Bombing’s Impact on Axis Morale
One of the more tenuous “beneficial” consequences of Allied area bombing was the impact it had on German and Japanese morale. A. C. Grayling argues that the consensus of the United States Strategic Bombing Survey (USSBS) studies as well as that of later generations of military historians is that area bombing stiffened enemy resistance. However, much of that claim is based on embittered recollections by German and Japanese bombing survivors; subjected to endless questionnaires by post-war survey teams, perhaps many felt victimized by a new form of bombardment. American historian Richard Overy noted the appreciable increase in absenteeism among both German and Japanese workers:
“The impact of bombing was profound. People became tired, highly strung and disinclined to take risks. Industrial efficiency was undermined by bombing workers and their housing. In Japan, absenteeism from work rose to 50 percent in the summer of 1945; in the Ford plant in Cologne, in the Ruhr, absenteeism rose to 25 percent of the workforce for the whole of 1944. … Even those who turned up for work were listless and anxious … [f]or the bombed cities the end of the war spelt relief from a routine of debilitating terror and arbitrary loss. No one could doubt who walked through the ghost towns [Dead Cities] of Germany and Japan …that bombing shattered civilian lives.”
Nazi Minister of Enlightenment and Education, Joseph Goebbels, noted the devastating impact of area bombing on the German cities of Lübeck (1942) and Dortmund (1943), and worried about morale: “The damage is really enormous … It is horrible. One can well imagine how such a bombardment affects the population.” “Hell itself seems to have broken loose upon us.” The Nazi Propaganda Minister organized morale-boosting parades through bombed cities, calling them victory marches and declaring that by decorating the rubble with Nazi flags, the people were celebrating Germany’s victories. While Germans struggled under the bombs, the circumstances for Japan’s civilians were equally horrendous, if not worse. After all, most of Japan’s built up areas consisted of structures and dwellings made from wood and paper, thus making them extremely vulnerable to incendiary bombing. The American General Curtis LeMay changed tactics once he realized that strategic bombing of Japan was failing. He shifted the focus to area bombing with a heavy emphasis on use of incendiaries. “We scorched and boiled and baked to death more people in Tokyo that night of March 9-10  than went up in vapour in Hiroshima and Nagasaki combined," said LeMay. It is estimated that some 8,500,000 Japanese civilians were forced to evacuate cities for the countryside in order to escape the fire-bombings. In an era of “total war” that saw civilians mobilized into mass production and other means of supporting the war effort, the specific targeting of the enemy home-front, including densely-populated urban areas, was consistent with all the prevailing military doctrines in the years prior to and during World War II. Thus Allied area bombing was yet another in a litany of the necessary horrors of waging total war against the formidable Axis foes.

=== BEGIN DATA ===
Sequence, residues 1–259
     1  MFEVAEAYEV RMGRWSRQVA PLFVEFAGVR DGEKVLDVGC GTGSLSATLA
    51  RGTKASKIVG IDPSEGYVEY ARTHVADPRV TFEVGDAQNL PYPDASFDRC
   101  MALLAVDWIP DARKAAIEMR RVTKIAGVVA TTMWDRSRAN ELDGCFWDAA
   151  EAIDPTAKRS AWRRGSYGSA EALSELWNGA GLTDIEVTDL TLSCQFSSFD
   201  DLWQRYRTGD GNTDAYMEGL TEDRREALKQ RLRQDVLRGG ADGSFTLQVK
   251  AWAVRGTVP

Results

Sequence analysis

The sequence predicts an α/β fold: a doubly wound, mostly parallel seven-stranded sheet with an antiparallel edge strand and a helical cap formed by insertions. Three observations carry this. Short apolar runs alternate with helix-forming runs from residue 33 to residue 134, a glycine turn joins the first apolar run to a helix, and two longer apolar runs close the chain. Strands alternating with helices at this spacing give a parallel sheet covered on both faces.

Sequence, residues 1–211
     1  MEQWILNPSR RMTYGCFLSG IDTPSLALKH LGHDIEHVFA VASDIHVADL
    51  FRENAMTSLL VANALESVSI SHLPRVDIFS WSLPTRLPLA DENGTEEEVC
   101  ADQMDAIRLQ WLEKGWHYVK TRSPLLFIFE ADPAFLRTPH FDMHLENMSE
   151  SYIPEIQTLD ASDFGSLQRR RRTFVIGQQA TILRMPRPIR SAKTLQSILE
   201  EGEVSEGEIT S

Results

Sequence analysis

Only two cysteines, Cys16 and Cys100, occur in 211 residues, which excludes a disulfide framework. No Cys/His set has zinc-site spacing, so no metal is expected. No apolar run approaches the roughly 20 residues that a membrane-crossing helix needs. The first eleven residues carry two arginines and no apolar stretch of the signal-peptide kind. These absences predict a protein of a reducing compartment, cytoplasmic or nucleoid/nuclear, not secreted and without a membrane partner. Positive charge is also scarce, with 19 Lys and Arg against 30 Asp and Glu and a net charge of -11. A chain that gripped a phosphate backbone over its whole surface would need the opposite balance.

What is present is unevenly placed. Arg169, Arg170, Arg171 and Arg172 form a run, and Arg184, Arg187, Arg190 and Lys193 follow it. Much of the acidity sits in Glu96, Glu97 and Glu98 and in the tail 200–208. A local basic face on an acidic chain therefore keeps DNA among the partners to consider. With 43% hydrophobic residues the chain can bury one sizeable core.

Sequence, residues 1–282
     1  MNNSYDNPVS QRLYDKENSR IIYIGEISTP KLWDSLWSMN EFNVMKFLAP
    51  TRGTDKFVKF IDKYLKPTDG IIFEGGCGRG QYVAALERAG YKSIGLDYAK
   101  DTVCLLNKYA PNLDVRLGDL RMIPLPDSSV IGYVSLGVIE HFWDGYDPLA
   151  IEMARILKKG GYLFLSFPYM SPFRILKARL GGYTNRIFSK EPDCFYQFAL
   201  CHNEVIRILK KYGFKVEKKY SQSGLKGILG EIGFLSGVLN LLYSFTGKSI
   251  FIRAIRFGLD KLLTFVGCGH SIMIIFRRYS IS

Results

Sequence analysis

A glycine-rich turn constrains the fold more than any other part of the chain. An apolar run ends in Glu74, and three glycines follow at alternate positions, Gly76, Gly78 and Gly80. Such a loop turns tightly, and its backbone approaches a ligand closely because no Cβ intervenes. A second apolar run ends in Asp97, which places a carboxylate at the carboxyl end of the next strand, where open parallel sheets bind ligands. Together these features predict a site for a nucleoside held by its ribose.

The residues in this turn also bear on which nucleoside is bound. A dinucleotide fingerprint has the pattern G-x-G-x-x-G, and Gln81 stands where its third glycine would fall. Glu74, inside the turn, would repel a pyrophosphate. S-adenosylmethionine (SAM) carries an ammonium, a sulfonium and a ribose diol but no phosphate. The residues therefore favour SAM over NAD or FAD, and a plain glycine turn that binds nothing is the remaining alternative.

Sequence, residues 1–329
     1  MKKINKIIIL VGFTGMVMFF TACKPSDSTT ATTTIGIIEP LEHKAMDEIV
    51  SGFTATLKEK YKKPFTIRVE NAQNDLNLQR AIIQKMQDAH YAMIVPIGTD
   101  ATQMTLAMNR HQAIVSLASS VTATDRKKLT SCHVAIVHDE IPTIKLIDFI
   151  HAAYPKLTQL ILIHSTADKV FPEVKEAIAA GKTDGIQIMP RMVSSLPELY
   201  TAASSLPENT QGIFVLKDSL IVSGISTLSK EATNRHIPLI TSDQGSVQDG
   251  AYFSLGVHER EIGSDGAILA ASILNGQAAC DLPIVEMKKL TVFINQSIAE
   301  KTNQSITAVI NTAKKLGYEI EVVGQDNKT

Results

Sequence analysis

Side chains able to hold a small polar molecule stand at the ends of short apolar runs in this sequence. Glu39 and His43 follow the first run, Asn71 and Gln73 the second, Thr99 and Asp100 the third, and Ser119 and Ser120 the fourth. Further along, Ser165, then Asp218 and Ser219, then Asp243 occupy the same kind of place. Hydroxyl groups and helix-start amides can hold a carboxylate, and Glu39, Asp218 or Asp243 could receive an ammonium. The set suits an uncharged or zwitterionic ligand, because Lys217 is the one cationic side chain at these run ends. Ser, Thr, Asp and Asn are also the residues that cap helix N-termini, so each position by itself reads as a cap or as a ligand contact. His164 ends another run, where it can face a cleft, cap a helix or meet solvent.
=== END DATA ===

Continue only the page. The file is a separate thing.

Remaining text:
Grayling’s Judgment and the Men That Gave All of Their Tomorrows
A. C. Grayling has been unfairly criticized by reviewers who appear not to have read his book carefully. For example, Max Hastings accused Grayling of writing a polemic that gave short shrift to Axis mendacity. A reader who complained in the Washington Post’s “Book World” asked if Grayling wrote “a 361-page tome without so much as mentioning Warsaw, Coventry, Rotterdam, London and, even before that, Guernica?” In fact, Grayling repeatedly emphasized throughout Among the Dead Cities that he is not a moral relativist nor is his work an exercise in moral equivalency. He does not shy away from the brutalities of Nazi Germany and Imperial-Fascist Japan. However, Grayling’s flawed assumptions and use of hindsight in his critique of Allied area bombing as a war crime, and his recommendations for our times leave him open to legitimate criticism. Concerning his flawed assumptions and hindsight:
· He argues that Bomber Command should have “devoted its energies to making [precision bombing] … safer for its bombers” by developing long-range escort fighters and bombing at daylight as the Americans had done. This overlooks the fact that the RAF was committed to area bombing as a matter of strategic planning. Grayling assumes that the RAF’s change from daylight precision-bombing to nighttime area bombing was a tactical shift brought about by the horrific losses suffered in the early stage of the war—from 1939-1941, Bomber Command had attrition rates of 20 to 28 percent. On the contrary, Bomber Command’s Air Marshal Sir Arthur Harris saw an opportunity to move area bombing from the abstract to the actual, and thus seized the moment. The RAF would engage in area bombing at night, the USAAF would commit to strategic bombing during daylight, exactly as planners for both air forces had advocated years earlier.
· Grayling would have RAF Bomber Command give the Third Reich’s cities a free pass, and instead concentrate bombing vital industrial targets with precision bombing technology that simply did not exist in 1939-1945. While the USAAF’s commitment to strategic bombing against Germany was noble, it relied more on wishful thinking than on actual capabilities. Military historian James H. Kitchens III, a leading expert on World War II aerial bombing, noted the near-impossibility of precision bombing: